Detroit Pistons: Possible training camp battles await

Training camp for the Detroit Pistons is still a month away. Even though the roster is set, the depth chart has yet to be finalized. Here are some possible training camp battles that await the Pistons.


The earliest an NBA training camp can open this season is Sep. 22, according to Basketball Reference. No word has been given on when the Detroit Pistons will set up shop.

Until then, fans are essentially in limbo. Which means it’s the perfect time to analyze potential training camp battles that lie ahead.

Who will start at shooting guard?

The debate as to whether Reggie Bullock or Luke Kennard should start alongside of Reggie Jackson is sure to last until Dwane Casey reveals his lineup prior to the opener against Brooklyn.

Until then, we can only speculate. But the starting two-spot is arguably the most-intriguing positional battle entering camp.

Point guard, power forward, and center are set. Small forward remains in question, yet it doesn’t offer the same flair as the depth at shooting guard.

After all, both Bullock and Kennard shot the ball at a torrid pace last season. Bullock finished with the second-best 3-point percentage in the NBA at 44.5 percent. Kennard nailed 41.5 percent of his triples as a rookie.

Although they’re relatively the same height and weight, Bullock has more “build” to his body than Kennard. That’s not surprising, given that Bullock is five years older than his teammate. But an edge in size does make a difference. Especially on defensive end.

Wildcat or Wolverine?

Staying on the perimeter, Detroit’s depth chart for small forward is unclear. Technically, any one of the following players could see time at the three: Reggie Bullock, Stanley Johnson, Glenn Robinson III and Bruce Brown.

Let’s assume that Bullock won’t play his natural position of small forward. That leaves us with Johnson, Robinson, and Brown. Since we’re doing training camp battles, I’m going to eliminate Brown in this category. A second-round draft pick isn’t likely to play significant minutes.

So it’s down to the Arizona Wildcat and the Michigan Wolverine. Johnson, a player that Casey has “always admired”, could be considered the favorite by default. Simply because he started 50 games last season. But in reality, that means nothing.

Robinson offers a much more reliable offensive game. You don’t have to look up and down a box score to notice that. As I mentioned in a previous piece, he can create scoring opportunities for himself with, or without, the ball.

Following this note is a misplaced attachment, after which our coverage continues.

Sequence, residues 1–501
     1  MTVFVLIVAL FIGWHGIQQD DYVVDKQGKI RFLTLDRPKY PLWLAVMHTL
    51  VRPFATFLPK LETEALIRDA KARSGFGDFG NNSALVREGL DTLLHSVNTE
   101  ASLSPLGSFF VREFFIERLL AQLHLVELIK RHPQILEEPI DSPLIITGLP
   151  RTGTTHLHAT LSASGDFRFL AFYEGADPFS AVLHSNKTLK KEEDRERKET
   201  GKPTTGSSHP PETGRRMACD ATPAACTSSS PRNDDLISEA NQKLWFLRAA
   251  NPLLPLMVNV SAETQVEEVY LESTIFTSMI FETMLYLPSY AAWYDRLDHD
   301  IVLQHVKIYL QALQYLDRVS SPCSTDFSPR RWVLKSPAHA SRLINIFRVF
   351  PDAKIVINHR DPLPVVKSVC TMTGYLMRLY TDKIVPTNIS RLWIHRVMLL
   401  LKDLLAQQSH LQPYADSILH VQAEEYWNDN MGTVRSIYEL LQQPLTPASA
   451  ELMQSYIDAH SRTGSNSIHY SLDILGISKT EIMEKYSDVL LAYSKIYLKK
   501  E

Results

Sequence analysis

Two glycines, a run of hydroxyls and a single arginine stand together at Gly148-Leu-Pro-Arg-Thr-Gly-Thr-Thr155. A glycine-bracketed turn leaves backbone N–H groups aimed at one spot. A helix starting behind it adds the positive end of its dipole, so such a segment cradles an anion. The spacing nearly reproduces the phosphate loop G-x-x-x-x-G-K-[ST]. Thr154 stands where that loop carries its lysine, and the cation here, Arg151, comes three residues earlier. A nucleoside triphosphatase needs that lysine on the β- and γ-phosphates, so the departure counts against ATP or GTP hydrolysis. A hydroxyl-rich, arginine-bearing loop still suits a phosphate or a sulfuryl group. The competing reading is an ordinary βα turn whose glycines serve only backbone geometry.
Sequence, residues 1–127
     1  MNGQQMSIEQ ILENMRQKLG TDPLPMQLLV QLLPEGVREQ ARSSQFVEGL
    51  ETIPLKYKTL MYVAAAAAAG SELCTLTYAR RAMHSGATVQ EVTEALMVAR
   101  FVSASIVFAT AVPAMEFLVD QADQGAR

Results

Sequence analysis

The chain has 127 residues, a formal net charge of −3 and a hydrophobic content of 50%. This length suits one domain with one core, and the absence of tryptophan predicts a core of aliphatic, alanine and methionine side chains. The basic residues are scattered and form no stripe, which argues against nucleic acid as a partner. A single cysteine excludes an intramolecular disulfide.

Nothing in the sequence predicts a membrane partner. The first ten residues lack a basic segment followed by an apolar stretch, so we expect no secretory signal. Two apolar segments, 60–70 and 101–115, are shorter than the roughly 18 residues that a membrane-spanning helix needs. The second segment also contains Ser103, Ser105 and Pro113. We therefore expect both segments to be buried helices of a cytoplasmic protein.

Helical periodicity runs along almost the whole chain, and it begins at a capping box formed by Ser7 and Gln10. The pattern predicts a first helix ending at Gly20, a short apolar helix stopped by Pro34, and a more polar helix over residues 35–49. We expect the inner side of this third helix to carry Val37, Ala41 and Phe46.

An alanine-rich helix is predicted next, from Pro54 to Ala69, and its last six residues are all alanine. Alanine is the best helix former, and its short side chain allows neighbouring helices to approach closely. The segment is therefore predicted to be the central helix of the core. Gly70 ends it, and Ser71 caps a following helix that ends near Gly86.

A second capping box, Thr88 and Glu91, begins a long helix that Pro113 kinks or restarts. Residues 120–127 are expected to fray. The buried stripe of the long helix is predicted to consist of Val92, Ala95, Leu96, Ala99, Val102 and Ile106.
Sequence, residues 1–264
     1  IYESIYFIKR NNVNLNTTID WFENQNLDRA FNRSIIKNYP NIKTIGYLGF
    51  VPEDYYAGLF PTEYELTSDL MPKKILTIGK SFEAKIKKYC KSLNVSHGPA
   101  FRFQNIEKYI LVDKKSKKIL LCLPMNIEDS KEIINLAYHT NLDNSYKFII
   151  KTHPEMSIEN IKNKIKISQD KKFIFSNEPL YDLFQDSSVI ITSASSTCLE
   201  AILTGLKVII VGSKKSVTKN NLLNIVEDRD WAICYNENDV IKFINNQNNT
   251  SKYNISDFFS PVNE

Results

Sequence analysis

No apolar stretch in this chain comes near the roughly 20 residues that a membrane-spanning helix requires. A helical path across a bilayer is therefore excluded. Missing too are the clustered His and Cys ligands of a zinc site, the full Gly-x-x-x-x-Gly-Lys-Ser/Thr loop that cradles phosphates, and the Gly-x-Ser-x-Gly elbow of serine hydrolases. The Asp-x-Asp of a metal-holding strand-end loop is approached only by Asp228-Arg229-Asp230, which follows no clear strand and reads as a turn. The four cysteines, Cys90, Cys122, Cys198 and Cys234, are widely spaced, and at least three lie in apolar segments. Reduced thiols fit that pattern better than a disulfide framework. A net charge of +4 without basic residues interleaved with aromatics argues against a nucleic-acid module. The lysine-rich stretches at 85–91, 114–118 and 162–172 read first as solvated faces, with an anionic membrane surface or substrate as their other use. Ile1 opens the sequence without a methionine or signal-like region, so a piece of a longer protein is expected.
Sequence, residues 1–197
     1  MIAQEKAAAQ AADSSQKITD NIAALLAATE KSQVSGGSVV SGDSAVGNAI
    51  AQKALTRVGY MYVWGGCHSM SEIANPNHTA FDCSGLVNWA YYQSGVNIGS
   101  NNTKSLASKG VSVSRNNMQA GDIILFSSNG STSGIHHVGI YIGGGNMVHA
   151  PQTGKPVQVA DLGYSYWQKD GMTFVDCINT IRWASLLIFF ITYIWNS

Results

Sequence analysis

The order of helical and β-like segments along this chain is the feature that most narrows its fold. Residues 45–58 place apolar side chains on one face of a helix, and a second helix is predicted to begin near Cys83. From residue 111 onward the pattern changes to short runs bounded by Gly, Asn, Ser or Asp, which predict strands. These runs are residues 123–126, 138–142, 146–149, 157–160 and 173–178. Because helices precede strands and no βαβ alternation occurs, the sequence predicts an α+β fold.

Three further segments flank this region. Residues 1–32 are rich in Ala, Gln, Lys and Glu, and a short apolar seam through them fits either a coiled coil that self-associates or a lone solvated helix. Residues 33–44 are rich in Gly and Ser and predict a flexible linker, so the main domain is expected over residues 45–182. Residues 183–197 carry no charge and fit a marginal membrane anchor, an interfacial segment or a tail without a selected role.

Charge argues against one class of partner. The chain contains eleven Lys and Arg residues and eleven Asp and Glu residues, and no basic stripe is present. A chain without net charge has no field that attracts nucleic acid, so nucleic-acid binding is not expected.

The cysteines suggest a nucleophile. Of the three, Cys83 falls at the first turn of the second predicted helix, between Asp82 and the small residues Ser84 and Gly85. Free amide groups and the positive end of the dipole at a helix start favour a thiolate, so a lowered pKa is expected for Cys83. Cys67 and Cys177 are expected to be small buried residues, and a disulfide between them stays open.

In 2016-17, the last time he was truly healthy, Robinson averaged 1.024 points per possession (PPP), a higher tally than 76 percent of the NBA that year.

Per Synergy, 31.1 percent of his field-goal attempts came in spot-up situations. But unlike most spot-up shooters (who are relatively stationary), Robinson set himself up for a majority of those looks. He possesses the versatile scoring and agility that Johnson currently lacks.

More at the four

With the news that Jon Leuer should return by start of the season, his presence will make the battle for backup power forward all the more interesting.

Henry Ellenson is entering his third year with the Detroit Pistons. While he wasn’t given much of a chance under Stan Van Gundy, that could change with Dwane Casey now in town.

Ellenson was inconsistent at best in last month’s Summer League. His defense remained the same: porous like a sponge. As for his offense, there were flashes of control in transition. But these were marred by low-percentage shots that repeatedly refused to fall.

Depending on how Casey structures his depth chart, Glenn Robinson III could challenge both Leuer and Ellenson for minutes at power forward. But I’ll keep him out of the conversation for now.

Two years ago, Leuer began the 2016-17 season with a bang. In his first 38 games, he averaged 10.9 points, 6.1 rebounds, and 1.7 assists per game on 50.9 percent shooting.

For the final 37 games he appeared in, Leuer’s averages dropped to 9.6 points, 4.6 rebounds, and 1.3 assists per game on 45.0 percent shooting. His 3-point shooting decreased from 31.9 percent to 26.0 percent as well.

Just eight games into last season, Leuer was lost for the year thanks to ankle injury. Earlier this month, he underwent right knee surgery to repair his medial meniscus.

Related Story: Predicting the Pistons' most effective lineup

Who do you think will win their respective training camp battle? Are there are any others that you’ll be following come September?

Let us know in the comment section below.



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